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The Guardian Online - Wednesday, November 22, 2000 Winter: OPEC stand drives up oil prices

ROBUST oil prices continued to track upwards Monday extending pre-weekend gains driven by fears of shortfalls in home heating oil supplies in the West this winter.

Weekend talks between major oil producers and consumers in the Saudi capital Riyadh failed to elicit any promises of extra barrels from suppliers despite pleas from consuming nations for an increase in crude flows to ease the burden of high fuel costs.

U.S. Benchmark crude futures advanced 29 cents to $35.32 a barrel, which is only around $2.50 short of the 10-year high at $37.40 set in mid-September.

Brokers said the last surge upwards was largely driven by heating oil and natural gas. U.S. heating oil futures charged more than two cents higher in early light dealings to 110.20 cents a gallon.

Oil prices have stubbornly held well above $30 a barrel in the last few months partly as fuel stockpiles in the United States, the world's biggest energy guzzler, have dwindled to near 24-year lows, prompting concerns of shortages if this winter should prove severe.

U.S. Energy Secretary Bill Richardson said last Saturday in Riyadh he was feeling more comfortable with U.S. heating stocks in the northeast of the country, the nation's largest consuming area of the fuel.

U.S. heating oil inventories have been running at more than 30 per cent below year-ago levels. "Home heating oil stocks on the east coast especially have been strengthened and repleted," Richardson told reporters at the Riyadh forum. "We are not out of the woods yet there (but) we feel more comfortable that there will not be a supply disruption in the east coast," he said.

But Richardson, who has used aggressive diplomacy in the past to secure OPEC output hikes, failed to win assurances from close ally and the world's biggest crude exporter, Saudi Arabia, that the kingdom would jack up production early next year if prices remain sky-high.

The Organisation of Petroleum Exporting Countries (OPEC) is due to hold a production policy-setting meeting on January 17 to review market conditions.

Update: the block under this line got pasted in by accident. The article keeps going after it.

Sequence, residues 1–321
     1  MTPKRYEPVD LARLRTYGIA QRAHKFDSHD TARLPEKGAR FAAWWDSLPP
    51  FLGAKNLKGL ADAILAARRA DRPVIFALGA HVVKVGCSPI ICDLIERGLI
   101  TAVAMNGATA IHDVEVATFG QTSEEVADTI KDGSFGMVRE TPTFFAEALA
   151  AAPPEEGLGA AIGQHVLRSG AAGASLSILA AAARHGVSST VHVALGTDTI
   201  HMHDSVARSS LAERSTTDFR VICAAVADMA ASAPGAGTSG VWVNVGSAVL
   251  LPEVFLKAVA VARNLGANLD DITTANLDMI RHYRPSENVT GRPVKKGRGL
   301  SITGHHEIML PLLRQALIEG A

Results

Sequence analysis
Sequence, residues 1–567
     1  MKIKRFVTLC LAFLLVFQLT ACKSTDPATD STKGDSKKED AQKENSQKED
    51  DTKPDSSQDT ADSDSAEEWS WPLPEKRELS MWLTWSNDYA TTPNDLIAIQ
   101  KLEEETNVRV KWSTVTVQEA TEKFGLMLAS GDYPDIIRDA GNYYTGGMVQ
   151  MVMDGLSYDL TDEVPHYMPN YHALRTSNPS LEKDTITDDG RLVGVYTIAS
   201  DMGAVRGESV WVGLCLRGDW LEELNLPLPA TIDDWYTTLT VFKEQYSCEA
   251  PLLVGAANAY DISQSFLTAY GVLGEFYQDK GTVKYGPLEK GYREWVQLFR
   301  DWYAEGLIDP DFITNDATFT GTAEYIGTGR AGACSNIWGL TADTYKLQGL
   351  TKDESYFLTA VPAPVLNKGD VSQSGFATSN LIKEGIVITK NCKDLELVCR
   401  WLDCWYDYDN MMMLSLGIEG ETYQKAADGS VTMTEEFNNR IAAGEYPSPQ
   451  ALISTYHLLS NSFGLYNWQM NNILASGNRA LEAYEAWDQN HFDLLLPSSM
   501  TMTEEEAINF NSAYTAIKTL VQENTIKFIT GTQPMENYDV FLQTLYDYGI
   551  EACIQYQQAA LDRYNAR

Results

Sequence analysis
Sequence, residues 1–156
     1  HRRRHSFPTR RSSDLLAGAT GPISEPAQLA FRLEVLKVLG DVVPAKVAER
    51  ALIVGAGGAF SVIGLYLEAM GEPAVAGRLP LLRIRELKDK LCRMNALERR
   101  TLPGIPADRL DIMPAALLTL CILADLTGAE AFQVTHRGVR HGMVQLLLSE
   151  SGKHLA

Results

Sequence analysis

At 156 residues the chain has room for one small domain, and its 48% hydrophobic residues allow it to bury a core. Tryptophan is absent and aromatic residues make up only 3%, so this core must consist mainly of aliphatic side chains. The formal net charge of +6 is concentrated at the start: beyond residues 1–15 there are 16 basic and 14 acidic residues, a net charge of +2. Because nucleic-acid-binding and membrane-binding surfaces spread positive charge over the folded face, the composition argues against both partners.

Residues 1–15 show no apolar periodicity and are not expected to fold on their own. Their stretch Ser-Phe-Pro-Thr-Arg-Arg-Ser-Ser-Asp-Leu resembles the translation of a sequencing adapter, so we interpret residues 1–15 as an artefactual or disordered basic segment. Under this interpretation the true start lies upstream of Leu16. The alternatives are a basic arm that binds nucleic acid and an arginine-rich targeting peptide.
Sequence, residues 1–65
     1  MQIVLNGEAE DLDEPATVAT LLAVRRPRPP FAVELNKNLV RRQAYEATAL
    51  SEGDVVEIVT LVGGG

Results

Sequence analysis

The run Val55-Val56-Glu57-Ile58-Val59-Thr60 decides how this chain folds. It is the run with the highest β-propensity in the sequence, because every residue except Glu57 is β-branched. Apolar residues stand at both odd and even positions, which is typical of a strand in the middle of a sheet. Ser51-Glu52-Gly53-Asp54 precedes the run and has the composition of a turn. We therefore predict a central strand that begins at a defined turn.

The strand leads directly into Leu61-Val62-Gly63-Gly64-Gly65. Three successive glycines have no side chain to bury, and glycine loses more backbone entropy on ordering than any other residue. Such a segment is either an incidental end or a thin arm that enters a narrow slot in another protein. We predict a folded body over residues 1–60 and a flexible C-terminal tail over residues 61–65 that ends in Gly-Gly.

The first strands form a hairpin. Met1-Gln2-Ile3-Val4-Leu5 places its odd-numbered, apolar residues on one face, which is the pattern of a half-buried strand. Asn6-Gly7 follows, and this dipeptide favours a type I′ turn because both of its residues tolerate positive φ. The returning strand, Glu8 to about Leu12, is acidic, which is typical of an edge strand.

The producers' organisation, which controls two-thirds of global oil exports decided earlier this month to hold output at current levels. The group has raised production four times this year by a total 3.7 million barrels per day (BPD) to try and stem oil's relentless rally, which has notched up the highest prices in a decade. The last hike injected 500,000 bpd to group output from October 31.

OPEC believes factors other than fundamentals, such as Middle East tensions, bottlenecks at U.S. refineries and in transport systems and financial speculation have been keeping crude at high levels.

The 11-member organisaiton wants to avoid prices crashing when the peak-demand northern hemisphere winter ends early next year and stocks are back to more normal levels. OPEC President Ali Rodriguez on Sunday rejected the U.S. call for more crude, saying that global oil investories were rising and that the world's 76 million bpd market was already oversupplied by a 1.4 million bpd, market was already oversupplied by 1.4 million bpd, or two per cent. Inventories of crude and refined products such as gasoline were now equivalent to 80 days of demand, which Rodriguez said was an equilibrium level.

"According to our projections, stocks could reach 90 days (of demand) and when this happens we expect prices to fall," Rodriguez told Reuters in an interview. OPEC kingpin, Saudi Arabia, also said that consuming nations would have to wait. "It is only reasonable to await the impact of at least the least two increments," Saudi Oil Minister Ali Al-Naimi said of previous OPEC supply increases

-- Martin Thompson (, November 22, 2000

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